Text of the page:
British Airways calls off $750 million USAir deal Foreign carrier expected U.S. veto

December 23, 1992|By Suzanne Wooton | Suzanne Wooton,Staff Writer Ian Johnson of the New York Bureau contributed to this article.

British Airways PLC yesterday scrapped its plan to invest $750 million in USAir, saying the U.S. government was ready to veto the deal, which would have created a global alliance and given struggling USAir badly needed cash.

The alliance -- fiercely opposed by the Big Three domestic airlines, American, United and Delta -- had become entangled in a dispute over British restrictions that govern how often U.S. airlines may fly into London and where they may go from there.

Both British Airways and USair vowed yesterday to explore alternatives. But the future of the alliance clearly depends on the ability of U.S. and British officials to alter agreements governing flights to London.

"The deal is dead right now," said John Lampl, a spokesman for British Airways in New York. He blamed its collapse on political pressure from U.S. airlines who feared competition.

Still, analysts said Arlington, Va.-based USAir is in no immediate financial danger. "A consolidation is taking place in the airline industry, and USAir is only a niche player, but they aren't in such a critical situation that they'll collapse," said David Pizzimenti, of the Nomura Research Institute in New York.

During the past three years, USAir has lost $700 million, prompting the airline to cut flights, furlough workers and seek pay and benefits concessions from most of its 46,000 employees. Since 1990, the number of daily USAir flights at Baltimore-Washington International Airport has dropped from 249 to 192.

But David Shipley, a spokesman for USAir, said the deal was not necessary for USAir's survival, nor is it likely to mean further cutbacks at BWI.

"We still have cash and credit well over half a billion [dollars]. We're not a [bankruptcy] candidate," Mr. Shipley said. "The cash would have made us a much more viable competitor, but it was not critical to our survival."

Among the possible partners mentioned for USAir is Germany's Lufthansa. USAir has previously discussed an alliance with the airline.

The deal's collapse triggered a strong reaction from Gov. William Donald Schaefer. He and other state officials have monitored the deal closely, because USAir is the largest carrier at BWI, handling more than half its 27,000 daily passengers.

"It's a serious, serious, if not devastating, blow to USAir and very bad news for BWI," the governor said.

But according to Theodore E. Mathison, administrator of the Maryland Aviation Administration which operates the airport, USAir already has made the kind of cuts at BWI that other financially troubled airlines are making at other major airports.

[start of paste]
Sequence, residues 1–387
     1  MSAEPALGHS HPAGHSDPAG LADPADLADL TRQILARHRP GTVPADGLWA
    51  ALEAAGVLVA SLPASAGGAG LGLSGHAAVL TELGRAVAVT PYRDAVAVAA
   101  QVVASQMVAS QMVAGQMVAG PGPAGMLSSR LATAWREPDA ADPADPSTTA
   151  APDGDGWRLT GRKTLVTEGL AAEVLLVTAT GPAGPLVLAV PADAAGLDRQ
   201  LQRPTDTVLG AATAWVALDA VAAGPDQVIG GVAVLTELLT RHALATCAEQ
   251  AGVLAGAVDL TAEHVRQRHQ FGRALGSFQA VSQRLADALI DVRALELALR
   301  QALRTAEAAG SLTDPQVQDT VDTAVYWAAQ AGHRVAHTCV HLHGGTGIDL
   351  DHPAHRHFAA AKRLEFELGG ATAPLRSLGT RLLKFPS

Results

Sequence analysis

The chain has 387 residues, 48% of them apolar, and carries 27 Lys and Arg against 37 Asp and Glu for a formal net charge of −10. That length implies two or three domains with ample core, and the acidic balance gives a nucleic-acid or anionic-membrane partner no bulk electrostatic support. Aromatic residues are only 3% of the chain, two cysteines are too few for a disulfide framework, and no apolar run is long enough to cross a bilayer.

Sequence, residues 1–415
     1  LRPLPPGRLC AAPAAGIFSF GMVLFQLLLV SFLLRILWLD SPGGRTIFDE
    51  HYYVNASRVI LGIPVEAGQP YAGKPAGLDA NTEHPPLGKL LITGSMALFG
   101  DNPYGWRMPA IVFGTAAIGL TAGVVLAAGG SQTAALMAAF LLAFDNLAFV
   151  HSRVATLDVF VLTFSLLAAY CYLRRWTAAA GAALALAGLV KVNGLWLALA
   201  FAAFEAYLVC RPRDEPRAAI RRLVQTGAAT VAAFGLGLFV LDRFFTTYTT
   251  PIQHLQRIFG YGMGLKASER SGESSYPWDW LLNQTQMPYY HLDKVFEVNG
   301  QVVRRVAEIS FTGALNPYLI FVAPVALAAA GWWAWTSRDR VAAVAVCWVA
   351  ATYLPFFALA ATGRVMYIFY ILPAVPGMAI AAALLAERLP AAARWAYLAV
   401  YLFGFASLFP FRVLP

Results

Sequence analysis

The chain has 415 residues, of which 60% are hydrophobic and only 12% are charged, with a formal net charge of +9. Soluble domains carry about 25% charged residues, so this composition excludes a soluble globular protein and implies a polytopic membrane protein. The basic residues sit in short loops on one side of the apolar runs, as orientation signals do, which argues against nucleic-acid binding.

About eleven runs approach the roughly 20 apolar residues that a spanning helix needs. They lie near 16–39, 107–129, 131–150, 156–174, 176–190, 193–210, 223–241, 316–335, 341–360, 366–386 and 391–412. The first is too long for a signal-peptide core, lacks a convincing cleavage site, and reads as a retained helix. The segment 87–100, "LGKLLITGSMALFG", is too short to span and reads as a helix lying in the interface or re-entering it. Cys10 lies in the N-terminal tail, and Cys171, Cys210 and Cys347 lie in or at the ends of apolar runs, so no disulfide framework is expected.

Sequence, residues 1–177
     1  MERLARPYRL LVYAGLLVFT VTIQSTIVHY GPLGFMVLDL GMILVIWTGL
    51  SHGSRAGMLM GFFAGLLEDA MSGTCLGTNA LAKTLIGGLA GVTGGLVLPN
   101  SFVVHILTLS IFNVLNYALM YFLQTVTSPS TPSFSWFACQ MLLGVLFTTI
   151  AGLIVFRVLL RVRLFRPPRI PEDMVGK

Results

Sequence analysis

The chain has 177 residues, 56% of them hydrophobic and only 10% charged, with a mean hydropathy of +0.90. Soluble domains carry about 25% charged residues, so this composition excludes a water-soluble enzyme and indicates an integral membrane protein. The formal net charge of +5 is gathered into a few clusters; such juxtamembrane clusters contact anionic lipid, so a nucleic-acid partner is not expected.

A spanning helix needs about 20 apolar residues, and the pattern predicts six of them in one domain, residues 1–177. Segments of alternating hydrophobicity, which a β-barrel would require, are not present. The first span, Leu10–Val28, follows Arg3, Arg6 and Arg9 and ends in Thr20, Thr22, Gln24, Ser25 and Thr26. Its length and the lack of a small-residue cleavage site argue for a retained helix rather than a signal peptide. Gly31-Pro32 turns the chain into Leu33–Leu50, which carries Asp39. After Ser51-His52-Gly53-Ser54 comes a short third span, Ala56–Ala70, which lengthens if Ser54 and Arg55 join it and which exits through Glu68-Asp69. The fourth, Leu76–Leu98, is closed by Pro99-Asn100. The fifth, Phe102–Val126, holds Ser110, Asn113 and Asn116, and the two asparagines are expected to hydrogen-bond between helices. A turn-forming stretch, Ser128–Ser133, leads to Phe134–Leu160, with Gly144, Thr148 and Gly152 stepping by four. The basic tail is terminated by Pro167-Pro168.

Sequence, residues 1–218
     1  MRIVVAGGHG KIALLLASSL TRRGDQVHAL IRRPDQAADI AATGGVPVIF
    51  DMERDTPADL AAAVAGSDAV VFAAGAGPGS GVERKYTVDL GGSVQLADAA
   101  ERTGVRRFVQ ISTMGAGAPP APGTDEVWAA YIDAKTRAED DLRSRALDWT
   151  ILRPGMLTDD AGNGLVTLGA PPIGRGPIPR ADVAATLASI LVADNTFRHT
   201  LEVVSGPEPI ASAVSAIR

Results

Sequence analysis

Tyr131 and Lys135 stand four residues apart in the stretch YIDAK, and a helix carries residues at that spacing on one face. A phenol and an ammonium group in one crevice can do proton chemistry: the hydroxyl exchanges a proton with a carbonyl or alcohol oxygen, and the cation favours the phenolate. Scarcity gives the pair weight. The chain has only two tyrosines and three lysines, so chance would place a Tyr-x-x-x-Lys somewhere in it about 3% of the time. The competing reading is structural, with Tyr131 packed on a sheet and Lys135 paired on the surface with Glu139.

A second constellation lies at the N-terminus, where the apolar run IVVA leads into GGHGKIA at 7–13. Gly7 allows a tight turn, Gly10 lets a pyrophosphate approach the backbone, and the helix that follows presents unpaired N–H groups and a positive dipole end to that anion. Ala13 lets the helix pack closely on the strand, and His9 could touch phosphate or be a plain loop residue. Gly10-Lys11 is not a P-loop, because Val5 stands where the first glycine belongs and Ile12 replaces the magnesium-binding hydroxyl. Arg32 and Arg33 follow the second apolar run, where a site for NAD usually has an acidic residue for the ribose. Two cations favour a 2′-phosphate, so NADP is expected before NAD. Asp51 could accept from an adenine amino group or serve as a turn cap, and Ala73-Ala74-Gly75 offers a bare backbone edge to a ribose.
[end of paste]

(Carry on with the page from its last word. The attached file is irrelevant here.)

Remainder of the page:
"The real question is USAir's role in competing with other carriers in the international arena, and that is some concern to us," Mr. Mathison said. "It doesn't mean we can't attract other carriers, but certainly, USAir is the feeder airline for us."

Indeed, BWI's future is linked to growth in its international traffic. In 1994, it plans to build a $130 million international terminal.

The alliance would have given USAir access to a global market and would have linked British Airways' trans-Atlantic flights to USAir's large domestic system.

The Big Three -- which have invested billions to expand international systems -- insisted that the alliance would have given British Airways access to the largest commercial market in the world without expanding U.S. airlines' ability to land more planes at London, a gateway to Europe.

"British Airways apparently believes that permitting more competition on its routes to and from Heathrow would be more costly than walking away from this deal," Robert L. Crandall, American's chairman and president, said yesterday.

And U.S. Secretary of Transportation Andrew H. Card Jr. agreed that any deal must hinge on a genuine "open skies" agreement. "The U.S. has been unsuccessful for some time in its attempts to obtain better access to the U.K. for U.S. airlines," he said in a statement.

In contrast, the Transportation Department looks favorably on an alliance between KLM Royal Dutch Airlines and Northwest Airlines now that a treaty has been signed giving both carriers the right to build up systems in the United States and Europe.

As recently as Monday, British Transport Minister John MacGregor and Mr. Card talked about the British Airways deal. But differences were still too great for an agreement to be reached by tomorrow -- the date both airlines said the proposed deal could expire.

"We're obviously very disappointed that the investment agreement was caught up in the bilateral negotiating process," USAir Chairman Seth Schofield said yesterday.

Analysts who follow USAir and British Airways said the decision was a blow to both companies, but not fatal. While USAir will have to find a partner at some point, it is healthy enough to continue for another year, they said.

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